This move is particularly important in the local context, given that Australians and New Zealanders are among the world's biggest users of Apple products, with 30 percent of all mobile and desktop internet use being served through the browser.
Through the new AdRoll product, users will be given the choice of whether to opt in to retargeting ads through the service.
Site visitors who do not have an AdRoll cookie will see a one-time informational banner informing them that to receive a tailored ad experience, they will need to agree to accept third party cookies from AdRoll (they can also decline by clicking the opt-out link in the floating banner).
Sharp says 99 percent of users opted in during the beta phase, leading to a 130 percent increase in retargeting reach for advertisers.
However, the recent announcement that Apple would be giving users easier access to ad blocking software through its iOS9 update—especially when viewed alongside the fact that the opt-in banner will be served to users through the AdRoll ad interface—makes it questionable whether or not AdRoll's new product will be effective.
So, to find out more, StopPress asked Sharp a few questions.
StopPress: Has retargeting previously not been available on Safari?
Sharp: Safari blocks third-party cookies by default. This means that unless a Safari user has manually adjusted their browser cookie settings, advertisers are unable to retarget them. AdRoll Retargeting on Safari allows users to opt in to receive third-party cookies for a more tailored ad experience.
StopPress: How did this come about? Has it been a long time in the making?
Sharp: We developed this product independently and started testing this particular solution in Q2 2015 in order to give our customers the widest reach possible. Allowing our customers to reach their customers where they spend their time online is a huge priority for AdRoll.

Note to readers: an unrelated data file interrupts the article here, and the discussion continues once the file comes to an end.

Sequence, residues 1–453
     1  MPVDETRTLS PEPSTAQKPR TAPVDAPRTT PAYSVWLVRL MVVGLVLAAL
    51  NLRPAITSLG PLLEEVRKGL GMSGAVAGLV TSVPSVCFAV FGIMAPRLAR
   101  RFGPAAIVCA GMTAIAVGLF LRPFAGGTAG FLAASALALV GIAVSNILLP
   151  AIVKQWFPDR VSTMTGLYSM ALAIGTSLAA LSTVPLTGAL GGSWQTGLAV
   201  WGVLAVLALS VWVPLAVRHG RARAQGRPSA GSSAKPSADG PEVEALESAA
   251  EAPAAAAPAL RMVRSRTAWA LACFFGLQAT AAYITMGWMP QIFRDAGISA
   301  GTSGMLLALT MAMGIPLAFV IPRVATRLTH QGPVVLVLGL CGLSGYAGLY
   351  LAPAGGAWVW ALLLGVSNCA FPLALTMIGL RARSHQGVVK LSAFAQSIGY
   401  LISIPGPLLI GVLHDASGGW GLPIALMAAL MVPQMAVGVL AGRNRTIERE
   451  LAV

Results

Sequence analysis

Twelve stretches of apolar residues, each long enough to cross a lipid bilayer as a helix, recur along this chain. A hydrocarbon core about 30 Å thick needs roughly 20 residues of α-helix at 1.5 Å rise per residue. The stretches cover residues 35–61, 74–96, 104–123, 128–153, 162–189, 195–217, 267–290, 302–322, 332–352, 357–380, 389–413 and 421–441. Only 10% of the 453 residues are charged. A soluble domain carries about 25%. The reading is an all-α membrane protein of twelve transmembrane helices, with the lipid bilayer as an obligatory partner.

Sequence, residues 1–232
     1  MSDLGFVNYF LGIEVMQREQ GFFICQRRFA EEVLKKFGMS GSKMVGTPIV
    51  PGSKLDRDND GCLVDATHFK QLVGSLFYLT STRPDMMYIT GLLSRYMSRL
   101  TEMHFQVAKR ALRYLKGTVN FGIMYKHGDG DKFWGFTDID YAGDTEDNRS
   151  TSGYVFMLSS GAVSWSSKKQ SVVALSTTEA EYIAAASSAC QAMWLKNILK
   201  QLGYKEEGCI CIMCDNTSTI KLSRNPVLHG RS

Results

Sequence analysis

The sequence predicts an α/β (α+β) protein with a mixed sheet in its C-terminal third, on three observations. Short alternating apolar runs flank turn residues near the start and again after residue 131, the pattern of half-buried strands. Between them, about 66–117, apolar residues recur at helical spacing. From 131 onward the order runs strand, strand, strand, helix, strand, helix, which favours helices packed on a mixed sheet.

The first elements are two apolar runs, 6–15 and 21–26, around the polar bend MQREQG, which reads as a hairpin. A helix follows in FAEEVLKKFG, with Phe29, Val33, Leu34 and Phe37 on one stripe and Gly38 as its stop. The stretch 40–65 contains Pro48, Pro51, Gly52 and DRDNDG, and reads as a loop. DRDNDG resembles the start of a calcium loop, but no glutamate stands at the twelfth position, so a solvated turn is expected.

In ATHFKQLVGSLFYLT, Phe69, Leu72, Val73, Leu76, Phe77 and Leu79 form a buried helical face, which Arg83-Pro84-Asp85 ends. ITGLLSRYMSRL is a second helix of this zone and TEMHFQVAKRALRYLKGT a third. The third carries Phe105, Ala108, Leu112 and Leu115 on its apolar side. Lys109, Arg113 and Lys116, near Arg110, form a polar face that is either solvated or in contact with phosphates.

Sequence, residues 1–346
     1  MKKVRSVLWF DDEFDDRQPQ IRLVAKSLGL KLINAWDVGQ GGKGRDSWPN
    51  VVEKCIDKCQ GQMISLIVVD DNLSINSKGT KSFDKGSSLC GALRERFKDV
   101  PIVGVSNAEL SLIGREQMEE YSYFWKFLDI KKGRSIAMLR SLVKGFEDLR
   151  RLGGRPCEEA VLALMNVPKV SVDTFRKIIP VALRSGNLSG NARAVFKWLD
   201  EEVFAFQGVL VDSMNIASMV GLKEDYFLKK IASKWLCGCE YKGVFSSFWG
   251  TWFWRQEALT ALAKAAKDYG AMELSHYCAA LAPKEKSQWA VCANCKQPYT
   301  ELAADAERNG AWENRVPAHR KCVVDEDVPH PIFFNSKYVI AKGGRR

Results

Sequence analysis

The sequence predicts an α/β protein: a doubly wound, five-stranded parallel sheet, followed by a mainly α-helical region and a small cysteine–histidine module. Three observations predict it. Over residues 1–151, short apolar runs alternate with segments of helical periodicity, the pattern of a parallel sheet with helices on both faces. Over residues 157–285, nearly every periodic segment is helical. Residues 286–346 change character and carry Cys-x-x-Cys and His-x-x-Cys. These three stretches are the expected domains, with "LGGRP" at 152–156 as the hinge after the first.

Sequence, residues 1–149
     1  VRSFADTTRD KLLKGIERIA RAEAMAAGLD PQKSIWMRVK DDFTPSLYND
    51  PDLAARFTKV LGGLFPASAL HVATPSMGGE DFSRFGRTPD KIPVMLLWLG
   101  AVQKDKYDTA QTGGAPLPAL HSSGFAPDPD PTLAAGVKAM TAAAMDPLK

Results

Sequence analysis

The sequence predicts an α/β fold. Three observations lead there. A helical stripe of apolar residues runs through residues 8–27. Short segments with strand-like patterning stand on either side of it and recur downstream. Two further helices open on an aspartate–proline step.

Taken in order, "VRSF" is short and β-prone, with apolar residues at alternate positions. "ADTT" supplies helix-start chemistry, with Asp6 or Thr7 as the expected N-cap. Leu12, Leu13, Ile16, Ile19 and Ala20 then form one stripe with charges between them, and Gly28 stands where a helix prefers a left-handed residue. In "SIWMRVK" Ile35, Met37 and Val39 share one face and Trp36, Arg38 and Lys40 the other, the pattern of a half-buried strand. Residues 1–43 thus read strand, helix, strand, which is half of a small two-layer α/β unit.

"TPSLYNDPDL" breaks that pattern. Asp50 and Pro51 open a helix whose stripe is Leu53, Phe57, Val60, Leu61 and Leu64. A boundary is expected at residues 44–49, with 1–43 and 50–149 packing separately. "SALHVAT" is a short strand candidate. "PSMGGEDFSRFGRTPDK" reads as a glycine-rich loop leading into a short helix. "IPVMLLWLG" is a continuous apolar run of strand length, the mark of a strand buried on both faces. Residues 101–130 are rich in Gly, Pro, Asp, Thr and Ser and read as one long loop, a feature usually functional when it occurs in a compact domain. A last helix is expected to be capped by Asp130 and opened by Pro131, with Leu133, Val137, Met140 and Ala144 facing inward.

StopPress: With Apple making ad blockers freely available, isn't this move somewhat counter-intuitive?
Sharp: Ad blocking and third-party cookie blocking are not the same. Ad blocking prevents ads from being shown to users generally while third-party cookie blocking prevents advertisers from assigning cookies to web users.
AdRoll is committed to increasing our footprint across both ad and native inventory (ie: recent Instagram announcement). However, we are conscious about spending our customers budgets wisely and don’t want to waste resources on customers that are not likely to convert. Users on ad blocking software have indicated that they do not want to be targeted by traditional advertising.
Will AdRoll ads get through ad blocking software?
No. But we don’t see this as a disadvantage as we don’t want to waste resources on users who do not want to see ads as they are not likely to convert.
What is AdRoll doing about the rise of Ad Blockers?
The type of customer that uses ad blocking software is not the type that is likely to convert and therefore not worth our customers spending resources on. We would rather help our customers reach users that are likely to convert.
Would AdRoll consider paying an adblocking company to have some of its clients white-listed? (Adblock Plus, for instance, allows for white-listing at a fee).
That is not something we’ve considered.